California Senate advances longshot single-payer health care bill

State Sen. Ricardo Lara, D-Bell Gardens, right, is congratulated by Senate President Pro Tem Kevin deLeon after his single-payer health care plan was approved by the Senate, Thursday, June 1, 2017, in Sacramento, Calif. The longshot bill cleared a big hurdle Thursday when Senate Democrats voted 23-14 to send it to the state Assembly. (AP Photo/Rich Pedroncelli)
State Sen. Ricardo Lara, D-Bell Gardens, right, is congratulated by Senate President Pro Tem Kevin deLeon after his single-payer health care plan was approved by the Senate, Thursday, June 1, 2017, in Sacramento, Calif. The longshot bill cleared a big hurdle Thursday when Senate Democrats voted 23-14 to send it to the state Assembly. (AP Photo/Rich Pedroncelli)

SACRAMENTO, Calif. (AP) — The California Senate voted Thursday to advance a longshot single-payer health care plan that would replace insurance companies with government-funded health care for everyone in the state.

The move came even as proponents acknowledged they don’t know how to pay its huge $400 billion price tag.

The measure would have died if it failed to clear the Senate this week. Democrats said they wanted to keep it alive as the Assembly tries to work out a massive overhaul of the state health care system.

“With President Trump’s promise to abandon the Affordable Care Act as we know it, it leaves millions without access to care and California is once again tasked to lead,” said Sen. Ricardo Lara, a Democrat from Bell Gardens who wrote the single-payer bill with Sen. Toni Atkins, a San Diego Democrat.

Universal government-funded health care could give the state extraordinary bargaining power to negotiate favorable rates with drug makers, hospitals, doctors and other health care providers while eliminating costs associated with billing insurance companies, Lara said.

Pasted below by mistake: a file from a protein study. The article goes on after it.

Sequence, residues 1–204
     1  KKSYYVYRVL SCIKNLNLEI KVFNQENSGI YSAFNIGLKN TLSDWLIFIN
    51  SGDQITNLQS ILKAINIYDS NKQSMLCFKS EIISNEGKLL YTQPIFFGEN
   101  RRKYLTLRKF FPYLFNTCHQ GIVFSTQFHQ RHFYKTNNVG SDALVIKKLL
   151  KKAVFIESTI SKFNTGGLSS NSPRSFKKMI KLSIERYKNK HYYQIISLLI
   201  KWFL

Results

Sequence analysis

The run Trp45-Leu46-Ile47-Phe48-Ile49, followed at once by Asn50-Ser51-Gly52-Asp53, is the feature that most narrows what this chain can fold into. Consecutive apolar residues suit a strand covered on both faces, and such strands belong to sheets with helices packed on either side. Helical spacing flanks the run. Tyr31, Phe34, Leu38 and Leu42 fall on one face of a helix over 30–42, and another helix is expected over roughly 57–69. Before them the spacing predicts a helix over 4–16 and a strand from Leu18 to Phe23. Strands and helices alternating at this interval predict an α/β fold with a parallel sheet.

Critics, however, warned that the measure would require massive tax hikes and lead to long waits for health care.

State Sen. Joel Anderson, R-Alpine joined other members of the GOP to speak in opposition to a single-payer health care plan before the Senate, Thursday, June 1, 2017, in Sacramento, Calif. Despite the opposition, the bill, SB 562 by Sen. Ricardo Lara, D-Bell Gardens, was approved by a 23-14 and sent to the Assembly. (AP Photo/Rich Pedroncelli)
State Sen. Joel Anderson, R-Alpine joined other members of the GOP to speak in opposition to a single-payer health care plan before the Senate, Thursday, June 1, 2017, in Sacramento, Calif. Despite the opposition, the bill, SB 562 by Sen. Ricardo Lara, D-Bell Gardens, was approved by a 23-14 and sent to the Assembly. (AP Photo/Rich Pedroncelli)

Two analyses said the state would need to raise $400 billion a year. While much of it could come from redirecting existing state and federal spending on health care, the program would still require as much as $100 billion in new taxes.

“I can’t think of a more effective way to cripple the state financially than to charge ahead with what seems to be a reckless plan,” said Sen. Ted Gaines, a Republican from El Dorado Hills near Sacramento.

In a study commissioned by the California Nurses Association, which is promoting the bill, researchers at the University of Massachusetts-Amherst suggested a sales tax and gross receipts tax on corporate revenue to raise the money.

Because the plan would eliminate out-of-pocket health care costs for consumers, like copays and deductibles, the study said overall health care spending would decrease for the middle class while rising for people with higher incomes.

“This bill idealistically assumes California can deliver on its promise to 40 million people,” said Sen. Janet Nguyen, a Fountain Valley Republican. “Yet … the state is failing to sustain the current government-funded system, Medi-Cal, that only serves 14 million people.”

Many patients on the state Medicaid program, which covers people with low incomes, have trouble finding a doctor who accepts their insurance, she said.

The bill, SB562, still faces significant hurdles. It must clear the more moderate Assembly and secure the signature of Democratic Gov. Jerry Brown, who has expressed skepticism about the costs.

The tax increases would require support from two-thirds of the Senate and Assembly, and voters would potentially have to change a cap on state spending. It also would need President Donald Trump’s administration to waive federal Medicare and Medicaid rules.

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